The functional role(s) of dual intermediate filament expression in tumor cell migration and invasion.
Committee ChairHendrix, Mary J. C.
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PublisherThe University of Arizona.
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AbstractTumor cell invasion and metastasis are very complicated biological events which involve numerous classes of proteins that participate in controlling each step of the metastatic cascade. Therefore, identifying the key factor(s) that determine(s) how a tumor cell becomes more metastatic is a fascinating issue that challenges the field of cancer biology. Intermediate filaments are cytoskeletal proteins whose expression is highly regulated in a cell-type specific manner; however, recent evidence has indicated that coexpression of two different types of intermediate filaments--specifically keratin(s) (epithelial cell marker) and vimentin (mesenchymal cell marker), in the tumor cells correlates with their invasive and metastatic potential. The focus of this dissertation is to further elucidate the functional role(s) of this dual intermediate filament expression in tumor cells. A dominant negative mutant keratin cDNA was used to transfect a highly metastatic human melanoma cell line, C8161, which contains both vimentin and keratin filaments. The resulting transfected clones showed disrupted keratin filaments by immunofluorescence microscopy. Subsequently, their migratory and invasive ability were reduced, in addition to complete abrogation of metastatic potential. Another strategy involved the transfection of keratin 8 and 18 DNAs into keratin-negative cells (both mouse L fibroblasts and low invasive A375P melanoma), which resulted in clones expressing the dual intermediate filament phenotype, commensurate with increased migratory and invasive ability. Furthermore, these experimental clones have a retarded spreading ability on extracellular matrix compared to the control transfectants. In addition, they do not contain any detectable αᵥβ₃, α₃ or α₆ integrins in the focal contact sites by immunofluorescence staining. Hence, it is postulated that the mechanism responsible for differential spreading ability rests in the unique regulation of specific integrin(s) localized in focal contacts, acting either directly or indirectly, with the intermediate filaments and with extracellular matrix molecules. These results suggest that dual intermediate filament expression is important for the invasive phenotype, and their heretofore assigned role as general maintenance structural proteins has changed to that of dynamic cytoskeletal elements involved in active cellular function(s).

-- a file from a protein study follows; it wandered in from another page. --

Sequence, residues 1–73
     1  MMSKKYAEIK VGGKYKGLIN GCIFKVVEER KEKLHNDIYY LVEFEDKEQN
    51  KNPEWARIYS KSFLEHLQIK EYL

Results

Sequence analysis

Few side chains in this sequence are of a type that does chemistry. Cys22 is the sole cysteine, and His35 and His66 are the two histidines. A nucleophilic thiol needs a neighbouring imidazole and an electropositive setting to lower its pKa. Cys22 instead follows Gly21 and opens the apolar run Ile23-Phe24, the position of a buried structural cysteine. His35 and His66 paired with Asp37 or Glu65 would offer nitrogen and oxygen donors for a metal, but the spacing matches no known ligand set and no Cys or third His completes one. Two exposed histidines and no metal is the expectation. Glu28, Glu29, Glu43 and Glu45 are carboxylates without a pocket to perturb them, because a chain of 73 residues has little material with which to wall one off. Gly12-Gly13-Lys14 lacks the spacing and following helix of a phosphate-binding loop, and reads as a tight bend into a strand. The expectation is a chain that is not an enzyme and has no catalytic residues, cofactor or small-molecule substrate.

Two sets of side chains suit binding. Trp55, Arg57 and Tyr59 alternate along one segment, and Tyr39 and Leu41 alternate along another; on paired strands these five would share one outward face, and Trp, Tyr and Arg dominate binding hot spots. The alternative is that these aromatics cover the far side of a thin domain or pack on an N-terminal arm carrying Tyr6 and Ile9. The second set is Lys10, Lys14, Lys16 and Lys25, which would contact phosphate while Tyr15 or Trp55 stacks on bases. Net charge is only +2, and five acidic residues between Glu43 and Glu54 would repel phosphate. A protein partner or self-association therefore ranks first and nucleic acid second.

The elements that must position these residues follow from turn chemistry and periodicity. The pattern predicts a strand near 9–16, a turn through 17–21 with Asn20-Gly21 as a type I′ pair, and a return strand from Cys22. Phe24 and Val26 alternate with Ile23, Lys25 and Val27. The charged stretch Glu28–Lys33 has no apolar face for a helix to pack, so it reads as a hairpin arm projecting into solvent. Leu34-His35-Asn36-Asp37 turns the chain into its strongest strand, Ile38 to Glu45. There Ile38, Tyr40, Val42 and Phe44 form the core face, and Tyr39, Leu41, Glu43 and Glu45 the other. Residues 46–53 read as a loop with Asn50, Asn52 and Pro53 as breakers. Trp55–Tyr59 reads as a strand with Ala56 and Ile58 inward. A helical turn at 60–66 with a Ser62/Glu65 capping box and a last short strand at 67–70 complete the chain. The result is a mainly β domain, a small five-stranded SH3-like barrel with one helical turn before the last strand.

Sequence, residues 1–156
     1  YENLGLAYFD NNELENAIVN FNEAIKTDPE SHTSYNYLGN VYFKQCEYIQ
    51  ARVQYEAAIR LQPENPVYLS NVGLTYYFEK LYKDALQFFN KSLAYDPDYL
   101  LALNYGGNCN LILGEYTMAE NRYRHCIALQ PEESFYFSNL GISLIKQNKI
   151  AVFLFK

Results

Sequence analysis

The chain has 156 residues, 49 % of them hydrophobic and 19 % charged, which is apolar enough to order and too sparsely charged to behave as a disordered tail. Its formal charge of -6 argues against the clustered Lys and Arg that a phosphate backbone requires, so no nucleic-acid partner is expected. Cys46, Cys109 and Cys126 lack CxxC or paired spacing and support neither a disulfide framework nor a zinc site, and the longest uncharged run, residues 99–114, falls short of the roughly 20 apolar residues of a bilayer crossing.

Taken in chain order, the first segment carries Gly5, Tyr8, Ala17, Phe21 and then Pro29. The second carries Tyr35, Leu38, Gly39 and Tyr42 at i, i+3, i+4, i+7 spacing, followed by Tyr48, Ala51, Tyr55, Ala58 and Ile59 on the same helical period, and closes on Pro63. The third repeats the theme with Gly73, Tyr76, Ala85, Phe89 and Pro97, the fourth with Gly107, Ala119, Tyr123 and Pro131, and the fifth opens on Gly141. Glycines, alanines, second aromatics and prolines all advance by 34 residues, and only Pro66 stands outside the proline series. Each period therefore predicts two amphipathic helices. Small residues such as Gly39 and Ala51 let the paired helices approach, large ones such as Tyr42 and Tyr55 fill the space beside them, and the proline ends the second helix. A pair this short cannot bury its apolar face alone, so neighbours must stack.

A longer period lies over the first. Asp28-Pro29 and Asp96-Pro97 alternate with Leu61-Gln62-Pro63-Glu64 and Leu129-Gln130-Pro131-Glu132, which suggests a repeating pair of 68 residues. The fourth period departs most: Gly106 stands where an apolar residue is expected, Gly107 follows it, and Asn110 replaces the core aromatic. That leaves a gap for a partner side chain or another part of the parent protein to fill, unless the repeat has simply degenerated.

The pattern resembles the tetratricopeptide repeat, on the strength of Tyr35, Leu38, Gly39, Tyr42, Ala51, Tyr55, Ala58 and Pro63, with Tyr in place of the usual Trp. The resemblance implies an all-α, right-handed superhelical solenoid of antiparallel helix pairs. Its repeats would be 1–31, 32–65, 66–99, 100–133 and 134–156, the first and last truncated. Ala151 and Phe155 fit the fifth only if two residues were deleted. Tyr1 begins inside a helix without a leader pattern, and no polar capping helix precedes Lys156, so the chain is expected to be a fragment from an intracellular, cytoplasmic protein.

Degree ProgramCancer Biology